The psychiatrist told my mom: ‘Homosexuality is just like all the other mental diseases, like depression, anxiety, or bipolar. It can be cured…. Trust me, leave him here, he is in good hands.’
— Wen Qi (pseudonym), March 16, 2017
Homosexuality is neither a crime nor officially regarded as an illness in China. For decades, the legal status of consensual same-sex activity between men was ambiguous, but that was cleared up in the revised criminal code of 1997. In 2001, the Chinese Society of Psychiatry removed homosexuality from its list of mental disorders. This is consistent with the consensus of global medical associations that homosexuality is not a medical condition.
However, public hospitals and private clinics in China continue to offer so-called “conversion therapy,” which aims to change an individual’s sexual orientation from homosexual or bisexual to heterosexual, based on the false assumption that homosexuality is a disorder that needs to be remedied. Despite a legal framework that requires that the diagnosis and treatment of mental disorders comply with diagnostic standards and standards on the categorizations of mental disorders, Chinese authorities have not taken the necessary steps to stop public hospitals or private clinics from offering conversion therapy. The steps should include: issuing clear guidelines to all public and private hospitals and clinics indicating that conversion therapy contravenes existing law; closely monitoring medical facilities to determine whether conversion therapy is taking place; and, where it is, holding such facilities accountable, including by suspending the licenses of errant facilities or practitioners.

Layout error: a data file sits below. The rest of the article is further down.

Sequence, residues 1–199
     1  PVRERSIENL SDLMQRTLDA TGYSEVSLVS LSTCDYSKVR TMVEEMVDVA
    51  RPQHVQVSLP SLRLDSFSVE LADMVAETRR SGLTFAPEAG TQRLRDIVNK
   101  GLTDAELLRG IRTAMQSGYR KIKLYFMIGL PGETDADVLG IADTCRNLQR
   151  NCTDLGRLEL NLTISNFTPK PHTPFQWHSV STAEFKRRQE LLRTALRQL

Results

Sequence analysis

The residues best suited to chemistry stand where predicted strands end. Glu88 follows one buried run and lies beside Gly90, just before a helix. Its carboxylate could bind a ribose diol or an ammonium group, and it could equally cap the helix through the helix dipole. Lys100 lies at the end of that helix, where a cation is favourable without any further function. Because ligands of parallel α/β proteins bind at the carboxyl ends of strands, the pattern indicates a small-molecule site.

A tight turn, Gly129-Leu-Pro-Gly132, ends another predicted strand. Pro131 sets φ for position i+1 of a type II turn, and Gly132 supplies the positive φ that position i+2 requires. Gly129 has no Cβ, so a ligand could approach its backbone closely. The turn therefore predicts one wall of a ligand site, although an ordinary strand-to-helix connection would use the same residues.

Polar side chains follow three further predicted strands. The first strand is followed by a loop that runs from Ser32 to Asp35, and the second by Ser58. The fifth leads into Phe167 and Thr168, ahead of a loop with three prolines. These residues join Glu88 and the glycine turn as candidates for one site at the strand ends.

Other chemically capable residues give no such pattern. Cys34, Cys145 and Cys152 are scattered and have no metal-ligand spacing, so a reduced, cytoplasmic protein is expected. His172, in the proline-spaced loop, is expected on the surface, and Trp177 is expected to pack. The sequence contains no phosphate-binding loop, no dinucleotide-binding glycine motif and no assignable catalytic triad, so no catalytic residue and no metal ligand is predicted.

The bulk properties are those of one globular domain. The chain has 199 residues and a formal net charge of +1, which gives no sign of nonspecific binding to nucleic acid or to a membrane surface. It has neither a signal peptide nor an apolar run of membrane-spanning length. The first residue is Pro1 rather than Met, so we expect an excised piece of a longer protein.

This report documents multiple abusive aspects of conversion therapy, including coercion and threats, physical abduction, arbitrary confinement, forced medication and injection, and use of electroshocks. It is based on interviews with 17 individuals who underwent conversion therapy under intense family and social pressure, as well as parents and rights activists.
All interviewees were emphatic about one thing: they would not have undergone conversion therapy were it not for family and social pressure. Read more via Human Rights Watch